A Vigilante (Sydney Film Festival)
Olivia Wilde, Morgan Spector, Tonye Patano
FilmInk rates movies out of $20 — the score indicates the amount we believe a ticket to the movie to be worth
A bleak, challenging, and angry piece of cinema, A Vigilante uses familiar genre tropes to explore uncomfortable truths.
Olivia Wilde Is Sadie, the vigilante of the title, a domestic abuse survivor who now works to rescue other victims from their tormentors. Not in any official capacity, mind you; Sadie’s phone number is quietly circulated in abuse support groups. One call with the right passphrase and she will appear like a summoned spirit of vengeance, more than willing to deploy savage violence to achieve her goals “I want to kill you,” she whispers to one violent hubby; she settles for beating him bloody until he agrees to sign over his house and 75% of his money to his wife, quit his job, and leave town forever.
Written and directed by Australian Sarah Daggar-Nickson, making her feature debut, A Vigilante is a revenge thriller, existing along the same axis as Death Wish, The Punisher, The Equaliser, and any of several dozen variations on the theme. The crucial difference is that the austere, uncompromising A Vigilante largely refuses us the catharsis of violent action. Yes, there’s plenty of damage meted out, and the people on the receiving end of Sadie’s anger richly deserve it, but it feels not so much like righteous wrath as compulsive acting out – she does this because she has nothing else left in her life.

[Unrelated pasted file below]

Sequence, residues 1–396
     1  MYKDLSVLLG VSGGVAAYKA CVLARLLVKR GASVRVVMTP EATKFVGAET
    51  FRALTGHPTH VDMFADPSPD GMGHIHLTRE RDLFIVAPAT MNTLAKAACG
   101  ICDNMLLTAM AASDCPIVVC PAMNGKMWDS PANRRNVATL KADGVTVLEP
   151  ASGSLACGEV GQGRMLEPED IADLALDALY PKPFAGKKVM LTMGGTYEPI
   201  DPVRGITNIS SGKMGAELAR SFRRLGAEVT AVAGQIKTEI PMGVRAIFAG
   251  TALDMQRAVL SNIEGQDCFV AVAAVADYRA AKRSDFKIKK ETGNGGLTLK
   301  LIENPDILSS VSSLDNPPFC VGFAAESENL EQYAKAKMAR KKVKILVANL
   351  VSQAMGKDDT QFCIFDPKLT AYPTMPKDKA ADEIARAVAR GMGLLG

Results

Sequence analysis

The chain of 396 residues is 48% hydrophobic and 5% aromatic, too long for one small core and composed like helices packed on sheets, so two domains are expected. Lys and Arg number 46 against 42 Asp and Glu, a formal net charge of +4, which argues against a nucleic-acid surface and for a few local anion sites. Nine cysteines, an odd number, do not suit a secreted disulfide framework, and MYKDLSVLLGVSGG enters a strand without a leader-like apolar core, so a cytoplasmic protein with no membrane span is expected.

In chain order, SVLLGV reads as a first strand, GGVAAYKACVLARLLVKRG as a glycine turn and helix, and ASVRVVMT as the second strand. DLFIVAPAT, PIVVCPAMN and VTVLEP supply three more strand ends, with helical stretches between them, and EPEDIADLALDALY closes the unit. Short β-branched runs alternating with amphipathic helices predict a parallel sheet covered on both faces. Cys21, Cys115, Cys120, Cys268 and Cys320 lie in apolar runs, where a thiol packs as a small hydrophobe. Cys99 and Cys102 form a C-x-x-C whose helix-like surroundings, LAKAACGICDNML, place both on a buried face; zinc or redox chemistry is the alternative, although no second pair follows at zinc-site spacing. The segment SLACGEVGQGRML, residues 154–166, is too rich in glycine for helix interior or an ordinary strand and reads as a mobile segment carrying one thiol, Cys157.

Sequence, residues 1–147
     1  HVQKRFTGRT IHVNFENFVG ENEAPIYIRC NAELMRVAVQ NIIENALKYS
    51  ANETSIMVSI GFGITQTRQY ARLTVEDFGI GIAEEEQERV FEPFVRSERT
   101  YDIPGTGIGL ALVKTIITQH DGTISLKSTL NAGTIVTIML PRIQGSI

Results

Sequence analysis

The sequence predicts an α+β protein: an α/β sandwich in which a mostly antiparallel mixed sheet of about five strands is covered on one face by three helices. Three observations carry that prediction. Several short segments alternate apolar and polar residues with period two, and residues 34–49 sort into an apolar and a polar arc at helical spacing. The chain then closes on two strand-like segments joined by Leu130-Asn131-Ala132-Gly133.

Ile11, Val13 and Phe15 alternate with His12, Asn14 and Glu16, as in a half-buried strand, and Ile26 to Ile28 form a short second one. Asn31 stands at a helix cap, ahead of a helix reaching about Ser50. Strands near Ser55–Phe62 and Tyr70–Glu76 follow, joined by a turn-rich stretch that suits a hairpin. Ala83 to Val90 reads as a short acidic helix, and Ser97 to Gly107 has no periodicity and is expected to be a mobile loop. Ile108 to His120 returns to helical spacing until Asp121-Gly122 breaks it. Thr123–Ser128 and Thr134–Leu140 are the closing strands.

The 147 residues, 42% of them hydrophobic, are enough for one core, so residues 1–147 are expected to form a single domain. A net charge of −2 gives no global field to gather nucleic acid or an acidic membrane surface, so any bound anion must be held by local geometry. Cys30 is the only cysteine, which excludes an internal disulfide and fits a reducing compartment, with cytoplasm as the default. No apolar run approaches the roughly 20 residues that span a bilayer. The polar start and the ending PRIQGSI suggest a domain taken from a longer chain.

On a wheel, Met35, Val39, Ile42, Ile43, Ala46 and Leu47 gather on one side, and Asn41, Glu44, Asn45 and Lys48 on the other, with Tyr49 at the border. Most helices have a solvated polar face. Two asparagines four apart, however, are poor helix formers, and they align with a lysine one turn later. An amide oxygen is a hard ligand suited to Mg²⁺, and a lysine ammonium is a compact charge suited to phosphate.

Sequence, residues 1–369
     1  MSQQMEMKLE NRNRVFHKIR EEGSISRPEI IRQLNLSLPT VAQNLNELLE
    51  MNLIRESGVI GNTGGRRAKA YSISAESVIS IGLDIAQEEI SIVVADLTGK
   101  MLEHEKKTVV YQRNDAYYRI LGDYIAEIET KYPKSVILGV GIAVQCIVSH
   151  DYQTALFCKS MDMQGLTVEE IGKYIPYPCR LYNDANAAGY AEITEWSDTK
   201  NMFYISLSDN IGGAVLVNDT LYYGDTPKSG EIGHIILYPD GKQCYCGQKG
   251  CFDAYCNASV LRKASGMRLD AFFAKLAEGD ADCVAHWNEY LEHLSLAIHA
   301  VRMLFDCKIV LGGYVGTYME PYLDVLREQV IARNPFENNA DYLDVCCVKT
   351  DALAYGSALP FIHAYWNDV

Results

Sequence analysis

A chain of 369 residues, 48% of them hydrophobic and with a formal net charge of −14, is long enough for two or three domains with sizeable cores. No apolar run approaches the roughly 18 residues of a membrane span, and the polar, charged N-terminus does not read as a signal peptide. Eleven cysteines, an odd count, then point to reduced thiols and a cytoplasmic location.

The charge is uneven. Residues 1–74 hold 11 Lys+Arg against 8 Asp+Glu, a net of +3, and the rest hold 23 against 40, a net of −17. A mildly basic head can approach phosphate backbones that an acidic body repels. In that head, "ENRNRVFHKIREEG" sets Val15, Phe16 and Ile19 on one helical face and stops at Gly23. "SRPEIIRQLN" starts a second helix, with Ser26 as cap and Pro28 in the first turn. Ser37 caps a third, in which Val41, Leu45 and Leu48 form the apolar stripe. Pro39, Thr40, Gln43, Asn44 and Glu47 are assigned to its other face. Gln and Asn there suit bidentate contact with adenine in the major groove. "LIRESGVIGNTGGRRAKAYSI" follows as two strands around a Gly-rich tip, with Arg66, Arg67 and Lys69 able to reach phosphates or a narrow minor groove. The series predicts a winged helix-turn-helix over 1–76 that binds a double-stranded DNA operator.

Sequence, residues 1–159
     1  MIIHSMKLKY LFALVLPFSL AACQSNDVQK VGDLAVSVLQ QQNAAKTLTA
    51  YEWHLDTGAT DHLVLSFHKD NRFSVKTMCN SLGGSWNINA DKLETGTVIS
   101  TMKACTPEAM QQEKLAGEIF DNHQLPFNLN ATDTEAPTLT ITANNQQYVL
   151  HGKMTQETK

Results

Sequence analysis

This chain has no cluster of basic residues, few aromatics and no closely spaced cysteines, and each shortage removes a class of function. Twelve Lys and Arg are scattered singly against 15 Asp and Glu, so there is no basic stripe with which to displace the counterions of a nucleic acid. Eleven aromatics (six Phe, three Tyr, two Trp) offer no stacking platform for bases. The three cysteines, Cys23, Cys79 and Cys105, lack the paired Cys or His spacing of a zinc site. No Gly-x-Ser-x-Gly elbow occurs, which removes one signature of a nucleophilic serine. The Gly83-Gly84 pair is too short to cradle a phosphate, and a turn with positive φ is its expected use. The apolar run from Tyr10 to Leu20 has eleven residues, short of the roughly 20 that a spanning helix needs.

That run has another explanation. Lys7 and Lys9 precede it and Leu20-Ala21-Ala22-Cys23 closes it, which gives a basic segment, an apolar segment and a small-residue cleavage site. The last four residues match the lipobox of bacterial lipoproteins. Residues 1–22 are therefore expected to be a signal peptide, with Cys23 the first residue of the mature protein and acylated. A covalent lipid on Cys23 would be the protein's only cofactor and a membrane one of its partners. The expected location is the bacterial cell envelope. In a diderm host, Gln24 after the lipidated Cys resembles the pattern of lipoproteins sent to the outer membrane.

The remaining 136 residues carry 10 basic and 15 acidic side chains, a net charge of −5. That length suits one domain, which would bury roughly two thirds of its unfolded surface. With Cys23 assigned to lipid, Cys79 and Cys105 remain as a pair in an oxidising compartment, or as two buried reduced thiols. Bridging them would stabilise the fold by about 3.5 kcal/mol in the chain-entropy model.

Crucially, she has chosen this path. Sadie’s eyes are open. Her routine of anonymous hotels, YouTube make up tutorials (she disguises herself before each mission), Krav Maga drills, and absolute emotional isolation, punctuated by devastating PTSD-induced panic attacks and equally devastating acts of violence, is preferable to societal norms, because cleaving to those norms would make her complicit in ignoring the endemic violence against women that she herself was subject to.
One of the most striking and deliberately troubling elements of A Vigilante is the way it paints domestic abuse not as the actions of a few bad apples but as a silent epidemic occurring behind too many closed doors. Of course, Sadie’s husband (Morgan Spector) is a particularly vile example of a perpetrator and, this being a narrative film with certain in-built dramatic expectations, he does circle back into her world once more. Still, Daggar-Nickson takes pains to communicate that these abuses are not isolated incidents but part of a wide-spread pattern, largely invisible but nonetheless measurable. As a self-empowered righter of wrongs Sadie is a lone wolf, but she moves through a community of women forged in shared victimhood, and that community is vast.
It’s Sadie that our focus remains fixed upon, though, and Olivia Wilde’s bold, raw performance is the axis around which the whole thing spins. It’s a truly impressive turn, and Wilde really puts herself through the wringer to expose Sadie’s bottomless well of grief, rage, and self-loathing. It feels ego-free in a way that few actors of Wilde’s status are capable of, and hopefully we’ll see her tackle more roles of this calibre and complexity in the future.
A bleak, challenging, and angry piece of cinema, A Vigilante uses familiar genre tropes to explore uncomfortable truths. Which is, to be fair, an old trick, but one we never get tired of.